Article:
The Financial Conduct Authority (FCA) has fined One Call Insurance Services and its CEO John Lawrence Radford £684,000 and £468,000 respectively for breaching rules around handling of client money.
In addition to the fines, the FCA will also impose a restriction on One Call, which is a broker providing car, van and home insurance, for 121 days from the date the Final Notice is issued.
This means One Call is restricted during that period from charging renewal fees to its customers, a move which is anticipated to cost the firm approximately £4.6m.
The watchdog detailed that Radford agreed to settle at an early stage of the investigation and therefore qualified for a 30% discount. Were it not for this discount, the FCA would have imposed a fine of £669,531.
In the FCA’s view, One Call failed to protect client money because firstly, it failed to appreciate that certain Terms of Business Agreements it wrote business under did not provide effective risk transfer and failed to operate its client money account in accordance with the Client Money Rules.
Secondly, from 1 December 2009, One Call failed to treat funds advanced by a third party premium finance provider in respect of years two and three of an annual motor policy with a subsequent two-year renewal price guarantee as client money.
As a result, One Call inadvertently spent client money, resulting in a substantial client money deficit of £17.3m, (which it has subsequently repaid) and exposing customers to a significant risk of loss.
The FCA believes that One Call also inadvertently used sums from its client money bank account to finance its own working capital requirements, make payments to directors and, indirectly, to capitalise linked business One Insurance Ltd (OIL), although no allegation of wrongdoing is made against OIL.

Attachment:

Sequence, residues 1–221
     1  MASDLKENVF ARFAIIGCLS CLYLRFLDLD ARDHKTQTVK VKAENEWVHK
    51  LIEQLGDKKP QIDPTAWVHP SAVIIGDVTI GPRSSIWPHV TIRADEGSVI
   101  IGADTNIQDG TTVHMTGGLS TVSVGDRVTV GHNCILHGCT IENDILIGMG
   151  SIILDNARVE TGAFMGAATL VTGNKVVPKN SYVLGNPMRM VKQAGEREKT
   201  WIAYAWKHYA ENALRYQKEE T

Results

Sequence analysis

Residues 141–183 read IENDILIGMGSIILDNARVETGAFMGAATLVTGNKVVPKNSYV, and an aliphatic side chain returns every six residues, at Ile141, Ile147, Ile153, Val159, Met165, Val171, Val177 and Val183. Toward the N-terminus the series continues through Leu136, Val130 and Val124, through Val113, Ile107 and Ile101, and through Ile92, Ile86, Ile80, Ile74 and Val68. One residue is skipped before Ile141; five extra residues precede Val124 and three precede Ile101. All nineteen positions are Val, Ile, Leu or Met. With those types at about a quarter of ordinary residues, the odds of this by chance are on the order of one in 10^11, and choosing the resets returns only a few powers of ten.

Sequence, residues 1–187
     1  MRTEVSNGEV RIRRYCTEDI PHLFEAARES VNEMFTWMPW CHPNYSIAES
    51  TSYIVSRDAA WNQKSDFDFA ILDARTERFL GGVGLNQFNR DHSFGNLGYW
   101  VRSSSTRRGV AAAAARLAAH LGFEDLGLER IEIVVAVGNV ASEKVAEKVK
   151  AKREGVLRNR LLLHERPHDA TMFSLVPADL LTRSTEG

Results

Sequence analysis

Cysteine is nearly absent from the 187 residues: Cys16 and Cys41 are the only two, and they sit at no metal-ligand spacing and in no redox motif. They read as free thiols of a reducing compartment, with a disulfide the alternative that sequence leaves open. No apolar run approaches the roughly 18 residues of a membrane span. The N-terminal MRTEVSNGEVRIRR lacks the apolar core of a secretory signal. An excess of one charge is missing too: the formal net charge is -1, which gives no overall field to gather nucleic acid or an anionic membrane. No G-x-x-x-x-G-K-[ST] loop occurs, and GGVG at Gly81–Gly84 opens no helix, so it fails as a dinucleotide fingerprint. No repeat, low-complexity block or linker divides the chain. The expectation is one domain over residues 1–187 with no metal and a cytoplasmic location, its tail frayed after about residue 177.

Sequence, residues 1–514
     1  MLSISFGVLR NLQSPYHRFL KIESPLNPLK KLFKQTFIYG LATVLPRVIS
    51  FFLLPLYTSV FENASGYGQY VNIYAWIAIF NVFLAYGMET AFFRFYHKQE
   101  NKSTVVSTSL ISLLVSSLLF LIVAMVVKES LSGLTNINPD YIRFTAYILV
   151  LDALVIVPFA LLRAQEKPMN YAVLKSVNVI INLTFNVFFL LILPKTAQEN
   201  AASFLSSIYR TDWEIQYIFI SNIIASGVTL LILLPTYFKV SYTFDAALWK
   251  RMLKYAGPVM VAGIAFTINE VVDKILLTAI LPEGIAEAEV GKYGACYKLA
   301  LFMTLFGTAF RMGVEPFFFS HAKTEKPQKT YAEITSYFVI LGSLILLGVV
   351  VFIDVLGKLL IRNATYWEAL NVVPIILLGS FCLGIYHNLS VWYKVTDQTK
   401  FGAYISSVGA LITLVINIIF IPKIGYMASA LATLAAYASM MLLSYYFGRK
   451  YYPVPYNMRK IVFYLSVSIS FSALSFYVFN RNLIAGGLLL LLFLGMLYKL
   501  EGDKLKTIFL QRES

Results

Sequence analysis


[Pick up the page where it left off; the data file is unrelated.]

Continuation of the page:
OIL has challenged some of the Decision Notices which will be heard at a tribunal.
The regulator further detailed that Radford was responsible for client money at One Call between January 2005 and September 2011 and personally responsible for ensuring One Call complied with regulatory requirements in this context. He was also the chief executive and a director of One Call.
The FCA stated that Radford failed to carry out his responsibilities with due skill, care and diligence.
For example, he failed to keep himself informed of changes to regulatory requirements for handling client money and, when warned by One Call’s auditor that it might not be complying with such requirements, failed to investigate or ensure that One Call acted on those warnings.
The FCA also believes that Radford failed to ensure that One Call established robust systems and controls for assessing whether effective risk transfer agreements with insurers were in place so that if any client money shortfalls arose as a result of One Call’s failure, insurers rather than customers would bear this risk.
This meant he failed to identify that One Call had placed a small volume of insurance business under agreements which did not provide for effective risk transfer and the money in question should therefore have been treated as client money.
He also failed to recognise that money under a multi-year policy should have been treated differently in different years from a client money perspective.
The regulator stated: “His misunderstanding of the Client Money Rules meant that he did not ensure that One Call performed adequate client money calculations to ensure that its client money resource was at least equal to its client money requirement, leading to a significant client money deficit.”
The FCA therefore believes he did not take reasonable steps to ensure that the business of One Call for which he was responsible complied with relevant regulatory requirements and standards.
The regulator has decided that Radford is not fit and proper to have any responsibility for client money or insurer money in the context of regulated financial services. This is on the basis of his lack of competence to perform such functions.
The FCA pointed out that both One Call and Radford have agreed to settle at an early stage of the investigation and therefore qualified for a 30% discount. Were it not for this discount, the FCA would have decided to impose a fine of £977,147 and a restriction for a period of 182 days on One Call and a fine of £669,531 on Radford.